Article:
Lanarkshire and Ayrshire Railway
|Lanarkshire and Ayrshire Railway|
|Principal stations (stations in bold are open)
The Lanarkshire and Ayrshire Railway began life as the Barrmill and Kilwinning Railway, which was to be a simple line running from Barrmill station to a junction just north of Kilwinning station on the Glasgow and South Western Railway. To this effect, the 'Barrmill and Kilwinning Railway Act' received Royal Assent on 20 August 1883. However a year later a heavily modified act was submitted to Parliament, including extensions to Ardrossan, Irvine, Ardeer Ironworks, Eglinton Ironworks and Kilbirnie. A change of name for the company was also approved, and so the 'Lanarkshire and Ayrshire Railway Act' received Royal Assent on 28 August 1884.
The opening ceremony for the railway took place on 3 September 1888 at the Ardrossan station, with a special train service running to Glasgow that day. Full passenger services began on 4 September 1888. The branch to Kilbirnie was opened on 1 November 1889 for goods traffic and opened to passengers on 1 December 1889, and the branch to Irvine was opened the following year on 2 June 1890. Ardrossan Montgomerie Pier station opened on 30 May 1890.
Fierce rivalry with the Glasgow and South Western Railway meant that in 1898 construction began on a further extension of the line from Giffen to Newton. This meant that the Caledonian Railway would be able to avoid use of the Glasgow and Kilmarnock Joint Railway, and therefore avoid sharing revenue with the G&SWR. After five years of construction the new branch opened in 1903 with several new stations along the route, many of which were duplicates of stations on the joint line.
A premature end
The duplication of lines and stations would soon become worthless when both the Caledonian and Glasgow and South Western Railways were merged as part of the larger London, Midland and Scottish Railway group in 1923. With too many lines serving the one area and no competition, the first closures on the line occurred in the summer of 1930 when the Irvine branch was closed to passenger services, with the Kilbirnie branch closing to all traffic later that same year. On 4 July 1932 all stations from Ardrossan North to Uplawmoor were closed to passenger services. Passenger and freight services to Montgomerie Pier continued for many years, and with the closure of the Stevenston to Kilwinning East section in 1947 a link was created between the remaining line to Montgomerie Pier and the former G&SWR Glasgow line. This link was eventually closed to all traffic in 1968, and was completely lifted in 1970.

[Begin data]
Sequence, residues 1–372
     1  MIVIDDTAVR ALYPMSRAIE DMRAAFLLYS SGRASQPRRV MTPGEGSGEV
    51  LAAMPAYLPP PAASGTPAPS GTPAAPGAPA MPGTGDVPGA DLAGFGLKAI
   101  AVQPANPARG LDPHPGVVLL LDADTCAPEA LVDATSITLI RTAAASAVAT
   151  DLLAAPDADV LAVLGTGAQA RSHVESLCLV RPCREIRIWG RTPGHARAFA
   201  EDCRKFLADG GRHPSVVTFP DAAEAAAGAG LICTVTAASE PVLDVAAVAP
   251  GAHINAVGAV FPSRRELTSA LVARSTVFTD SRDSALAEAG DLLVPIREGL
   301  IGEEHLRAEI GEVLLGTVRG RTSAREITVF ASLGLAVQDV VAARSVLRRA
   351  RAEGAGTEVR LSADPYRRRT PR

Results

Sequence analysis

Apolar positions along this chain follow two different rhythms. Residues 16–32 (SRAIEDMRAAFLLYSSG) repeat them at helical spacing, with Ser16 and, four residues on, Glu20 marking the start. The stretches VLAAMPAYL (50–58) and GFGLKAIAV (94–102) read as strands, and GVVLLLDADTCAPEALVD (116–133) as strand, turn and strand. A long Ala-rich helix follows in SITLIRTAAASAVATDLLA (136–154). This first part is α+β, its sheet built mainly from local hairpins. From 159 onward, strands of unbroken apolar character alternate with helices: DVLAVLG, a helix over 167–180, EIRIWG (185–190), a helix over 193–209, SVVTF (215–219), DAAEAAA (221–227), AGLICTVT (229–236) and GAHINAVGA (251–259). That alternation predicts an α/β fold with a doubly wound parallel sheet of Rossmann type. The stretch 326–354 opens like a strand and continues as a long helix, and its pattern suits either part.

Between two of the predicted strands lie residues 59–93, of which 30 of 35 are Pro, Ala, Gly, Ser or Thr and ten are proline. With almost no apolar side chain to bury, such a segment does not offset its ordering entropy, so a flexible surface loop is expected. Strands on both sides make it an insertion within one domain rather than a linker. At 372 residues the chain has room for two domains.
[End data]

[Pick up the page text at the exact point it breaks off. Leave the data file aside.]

At the time of the railway opening in 1888, the company directors were:
- G. R. Vernon, M.P. (Chairman)
- J. C. Cuninghame
- The Earl of Eglinton and Winton
- R. W. Knox
- James Neilson
- Archibald Russell
- John Watson
- John Cunninghame
The following map illustrates the route of the Lanarkshire and Ayrshire Railway in 1906:
Connections to other lines
- Lanarkshire and Dunbartonshire Railway at Kirkhill Junction near Newton railway station
- Cathcart District Railway at the Cathcart North and West Junctions
- Busby Railway at Williamwood
- Glasgow, Barrhead and Kilmarnock Joint Railway at Barrmill and Lugton
- Glasgow and South Western Railway at Ardrossan Harbour
- Links to Paisley St James and Paisley East Goods at Lyoncross Junction between Patterton and Neilston
The line between Newton and Neilston is still operational today, having been electricifed in the early 1960s, and sees regular passenger services as part of the Cathcart Circle Lines.
- Butt, R. V. J. (1995). The Directory of Railway Stations. Patrick Stephens Ltd, Sparkford.
- Keydens, Strang, Girvan et al (1883). "Barrmill and Kilwinning Railway Act, 1883", Geo. Kelly & Co, London.
- Keydens, Strang, Girvan et al (1884). "Lanarkshire and Ayrshire Railway Act, 1884", Vaucher & Son, London.
- McGhie, T. (2003). "The Lanarkshire and Ayrshire Railway Line", Neilston Railway, retrieved 15 October, 2006.
- Stansfield, G. (1999). Ayrshire & Renfrewshire's Lost Railways, Stenlake Publishing, Catrine.
- Wham, A. (1997). The Lost Railways of Ayrshire, G.C. Book Publishers, Wigtown.